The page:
We organized effect estimates from regression models using the stargazer package (Hlavac 2015). Biplots were rendered using the ordr package (Brunson 2019). English descriptions of codes from the International Classification of Diseases, 9th and 10th Revisions, Clinical Modifications (ICD9 and ICD10), were obtained from and formatted using the icd package (Wasey 2017).

We adapted our JDM workflow from the tutorial provided by Pollock et al. (2014), using JAGS (Plummer 2003) to perform Bayesian model fitting through the R2jags package (Su and Yajima 2015).

Full code to reproduce our analyses will be made available on Bitbucket upon acceptance for publication.

### 5.4 Ethical considerations

This study did not involve human or other animal subjects. We conducted secondary analysis on data sets collected and aggregated by other researchers, which are available either publicly or upon request. Of these, patient-level data were only available in the MIMIC-III database, but our analysis relied exclusively on aggregated data.

## 6 Results

### 6.1 Pairwise analysis

#### 6.1.1 Link determination

Table 2 presents network density for each dataset and each of several common TWERs. In most cases the original authors provided co-occurrence data only for a subset of pairs, according to their own study designs; the network density at the 100% TWER is the proportion of pairs they included. Often among these were data on negative associations. In each case our 5% TWER cutoff excluded many additional pairs, including all negative associations. The Bonferroni correction excludes the vast majority of the remaining links from networks for which more pairs were originally available (MedPAR(5), MIMIC) but fewer than one third from networks that had already been pruned of weak associations (Sct. Hans, Stanford, Columbia*). For any fixed evidential cutoff, the networks range in density over 1–3 orders of magnitude. Quintiles calculated for each BAM and data source indicated that the evidence for a comorbid association may not be predictive of its strength, so that some network properties may be more sensitive to an evaluative cutoff than to an evidential one (see the SI Text).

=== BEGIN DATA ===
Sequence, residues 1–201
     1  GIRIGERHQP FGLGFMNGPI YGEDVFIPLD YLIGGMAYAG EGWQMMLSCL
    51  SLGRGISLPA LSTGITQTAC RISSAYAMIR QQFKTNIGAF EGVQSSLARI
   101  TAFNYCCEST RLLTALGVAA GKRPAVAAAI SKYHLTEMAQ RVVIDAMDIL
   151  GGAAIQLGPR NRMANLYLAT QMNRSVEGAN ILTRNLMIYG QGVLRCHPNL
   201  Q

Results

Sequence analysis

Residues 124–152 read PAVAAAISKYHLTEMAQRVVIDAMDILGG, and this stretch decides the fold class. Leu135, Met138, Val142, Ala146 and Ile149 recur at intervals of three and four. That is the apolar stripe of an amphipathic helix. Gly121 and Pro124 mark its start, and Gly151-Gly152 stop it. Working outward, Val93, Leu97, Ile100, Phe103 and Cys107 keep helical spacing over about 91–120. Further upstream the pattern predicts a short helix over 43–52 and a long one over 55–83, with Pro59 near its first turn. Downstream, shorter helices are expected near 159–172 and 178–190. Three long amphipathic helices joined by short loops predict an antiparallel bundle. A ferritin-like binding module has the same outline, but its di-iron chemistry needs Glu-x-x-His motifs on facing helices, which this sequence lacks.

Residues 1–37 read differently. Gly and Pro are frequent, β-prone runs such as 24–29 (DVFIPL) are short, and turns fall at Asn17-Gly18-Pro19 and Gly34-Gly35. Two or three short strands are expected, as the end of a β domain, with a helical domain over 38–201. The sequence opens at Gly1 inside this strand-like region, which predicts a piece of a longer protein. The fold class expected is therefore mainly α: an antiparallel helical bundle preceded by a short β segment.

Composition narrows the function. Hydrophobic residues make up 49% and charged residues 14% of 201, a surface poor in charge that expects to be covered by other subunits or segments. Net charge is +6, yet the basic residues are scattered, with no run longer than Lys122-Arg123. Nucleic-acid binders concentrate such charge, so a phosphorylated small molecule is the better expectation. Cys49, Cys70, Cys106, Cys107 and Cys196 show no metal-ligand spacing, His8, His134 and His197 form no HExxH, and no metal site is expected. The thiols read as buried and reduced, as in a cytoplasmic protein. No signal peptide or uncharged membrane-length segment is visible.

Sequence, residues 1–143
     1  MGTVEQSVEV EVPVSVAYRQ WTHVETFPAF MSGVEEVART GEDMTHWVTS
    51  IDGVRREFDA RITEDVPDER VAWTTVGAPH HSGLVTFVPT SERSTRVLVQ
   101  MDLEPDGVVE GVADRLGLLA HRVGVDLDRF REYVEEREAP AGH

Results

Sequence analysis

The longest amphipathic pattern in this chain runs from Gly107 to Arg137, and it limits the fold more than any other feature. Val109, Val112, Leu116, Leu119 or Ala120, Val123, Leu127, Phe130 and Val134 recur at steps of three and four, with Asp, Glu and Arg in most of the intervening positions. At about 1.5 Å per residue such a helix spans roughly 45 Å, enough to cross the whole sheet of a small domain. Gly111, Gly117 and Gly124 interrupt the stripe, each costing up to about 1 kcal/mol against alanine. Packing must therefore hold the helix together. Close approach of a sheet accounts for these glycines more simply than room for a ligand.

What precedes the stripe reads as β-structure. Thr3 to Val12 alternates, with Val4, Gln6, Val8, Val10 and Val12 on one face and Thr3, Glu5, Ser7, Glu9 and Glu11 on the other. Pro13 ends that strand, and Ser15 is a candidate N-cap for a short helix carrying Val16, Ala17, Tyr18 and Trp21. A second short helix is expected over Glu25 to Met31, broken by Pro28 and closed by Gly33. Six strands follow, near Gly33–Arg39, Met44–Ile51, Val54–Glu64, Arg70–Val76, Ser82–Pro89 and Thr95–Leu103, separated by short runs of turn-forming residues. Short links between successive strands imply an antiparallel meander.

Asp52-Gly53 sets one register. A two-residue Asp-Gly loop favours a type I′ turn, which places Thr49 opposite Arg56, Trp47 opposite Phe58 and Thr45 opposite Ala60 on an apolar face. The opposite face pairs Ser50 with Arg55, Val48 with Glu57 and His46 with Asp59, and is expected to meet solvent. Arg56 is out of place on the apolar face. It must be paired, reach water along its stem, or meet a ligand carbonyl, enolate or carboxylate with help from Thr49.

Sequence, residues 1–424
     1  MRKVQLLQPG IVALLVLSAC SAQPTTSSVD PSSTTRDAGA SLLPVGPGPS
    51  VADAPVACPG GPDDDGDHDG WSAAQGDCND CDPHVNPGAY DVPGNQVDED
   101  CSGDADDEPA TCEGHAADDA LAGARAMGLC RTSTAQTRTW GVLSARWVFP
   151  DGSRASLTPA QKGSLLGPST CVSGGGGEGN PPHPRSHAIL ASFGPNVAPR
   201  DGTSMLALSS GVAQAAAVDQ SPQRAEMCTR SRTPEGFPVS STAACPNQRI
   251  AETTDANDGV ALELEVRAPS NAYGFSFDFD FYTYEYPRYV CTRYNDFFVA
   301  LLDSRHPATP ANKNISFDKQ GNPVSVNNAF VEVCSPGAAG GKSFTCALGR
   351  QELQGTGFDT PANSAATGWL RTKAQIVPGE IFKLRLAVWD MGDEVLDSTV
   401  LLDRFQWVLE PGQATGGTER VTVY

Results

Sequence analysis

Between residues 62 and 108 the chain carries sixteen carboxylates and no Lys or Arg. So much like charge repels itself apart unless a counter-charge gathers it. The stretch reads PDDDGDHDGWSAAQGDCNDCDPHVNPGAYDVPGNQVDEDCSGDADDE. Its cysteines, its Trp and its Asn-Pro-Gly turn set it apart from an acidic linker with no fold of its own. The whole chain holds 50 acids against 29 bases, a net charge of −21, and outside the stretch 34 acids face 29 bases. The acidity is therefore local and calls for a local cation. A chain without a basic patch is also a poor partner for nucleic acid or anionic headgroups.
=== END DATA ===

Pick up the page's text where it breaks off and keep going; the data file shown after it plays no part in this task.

#### 6.1.2 Degree sequence distributions

Almost all comorbidity networks were better-modeled by log-normal distributions, and then by exponential distributions, than by power-law distributions. Based on our sample, this pattern was not dependent on the construction parameters, except that the preference for log-normal versus exponential versus power-law distributions were less clear for networks constructed using stricter evidential thresholds. Most regular variation–based power-law models failed to converge or else were inconsistent, reaffirming that power-law models were inappropriate for these networks’ degree sequences. See the SI Text for details.

#### 6.1.3 Single-valued summary statistics

Table 3 reports the effect estimates obtained by fitting Equation 2 to the various global network statistics. The coefficients within each model (column) associated with the data sources can be directly compared using differences, though the scale is interval, not ratio (i.e. the relative position of 0 is arbitrary). The evaluative cutoffs *θ _{m}* are included only as interaction effects with a categorical variable encoding the measure

*m*, because the range of values of

*θ*varied across

_{m}*m*. Roughly, the effect estimates can be compared after scaling by the ranges of the

*θ*(Section 5.1.2). For example, the relative effect estimates of and

_{m}*θ*on average degree were in proportion to –1.14 × 59: –125.11 × 0.6, or 9: 10. The effect estimates obtained using Equation 1 were qualitatively similar, for those predictors included in both models (Table S6).

_{rt}The vast majority of effect estimates in both tables are discernible with *p* < .001. This is expected from variation in the evidential and evaluative thresholds ( and ), which correspond to dramatic changes in the density of the graph. The data source effects are likewise discernible, except in some cases with respect to degree distribution (*δ*, , *σ*), indicating that none of the data sets produces in any sense an “average” comorbidity network. Some of the data sets produce similar networks, for example MedPAR(3) and Michigan, or Stanford and Columbia*. The latter use the same ontology and were processed in the same way, though the former have no such similarities. The MedPAR(3) and MedPAR(5) networks differ only in the resolution of their ontologies, and their global properties are broadly similar; but the Columbia and Columbia* networks share these background similarities (and the same ontology) yet exhibiting very different structure.

Each statistic varies widely (given the range of its possible values) across these comorbidity networks, though much of this variation can be explained by network density, which is largely a product of population or sample size. Increasing the number of links in a graph, whether by increasing *α* or by decreasing *θ _{m}*, has the expected effect on LCP (more nodes in the largest component); on